Skip Navigation LinksHome > July 2012 - Volume 54 - Issue 7 > The Experiences of Security Industry Contractors Working in...
Journal of Occupational & Environmental Medicine:
doi: 10.1097/JOM.0b013e31824e676b
Original Articles

The Experiences of Security Industry Contractors Working in Iraq: An Interpretative Phenomenological Analysis

Messenger, Katy DClinPsy; Farquharson, Lorna DClinPsy; Stallworthy, Pippa DClinPsy; Cawkill, Paul MSc; Greenberg, Neil MD

Collapse Box


Objective: To explore the occupational experiences of private security contractors working in a war zone and how it impacts on their mental health.

Methods: Semistructured interviews were conducted with seven contractors employed by a large UK-based private security company. Interpretative phenomenological analysis was used to analyze the interview transcripts. Participants also completed the 12-item General Health Questionnaire and the Posttraumatic Stress Disorder Checklist.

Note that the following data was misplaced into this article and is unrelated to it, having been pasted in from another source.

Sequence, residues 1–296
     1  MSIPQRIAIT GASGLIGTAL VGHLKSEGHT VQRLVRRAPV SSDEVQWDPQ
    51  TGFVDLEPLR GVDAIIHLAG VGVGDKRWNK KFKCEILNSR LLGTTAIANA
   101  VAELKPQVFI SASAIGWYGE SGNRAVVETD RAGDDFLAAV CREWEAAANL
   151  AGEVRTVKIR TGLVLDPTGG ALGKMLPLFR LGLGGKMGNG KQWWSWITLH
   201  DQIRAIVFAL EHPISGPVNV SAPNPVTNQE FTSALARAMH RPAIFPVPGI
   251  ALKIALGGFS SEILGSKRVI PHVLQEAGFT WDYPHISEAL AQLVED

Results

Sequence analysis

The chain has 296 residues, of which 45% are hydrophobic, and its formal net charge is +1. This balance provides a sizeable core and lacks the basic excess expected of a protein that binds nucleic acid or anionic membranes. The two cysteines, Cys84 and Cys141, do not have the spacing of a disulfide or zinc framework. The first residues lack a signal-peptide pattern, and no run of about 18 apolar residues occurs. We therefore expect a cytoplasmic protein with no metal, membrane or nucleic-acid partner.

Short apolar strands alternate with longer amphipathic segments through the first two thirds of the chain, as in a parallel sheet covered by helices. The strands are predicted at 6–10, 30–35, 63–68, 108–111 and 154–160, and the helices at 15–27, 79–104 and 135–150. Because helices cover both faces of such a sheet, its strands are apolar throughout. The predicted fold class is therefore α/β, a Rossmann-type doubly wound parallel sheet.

Results: Four overarching themes emerged: the appeal of the job; vulnerability; keep going; and seeking help for stress in the workplace. No clinically significant levels of distress were reported.

Conclusions: Contractors are frequently exposed to stressors known to increase risk of psychiatric difficulty in military personnel. A number of potential protective factors were identified. Only a minority of participants were open to seeking help for mental health difficulties.

©2012The American College of Occupational and Environmental Medicine


Article Tools


Article Level Metrics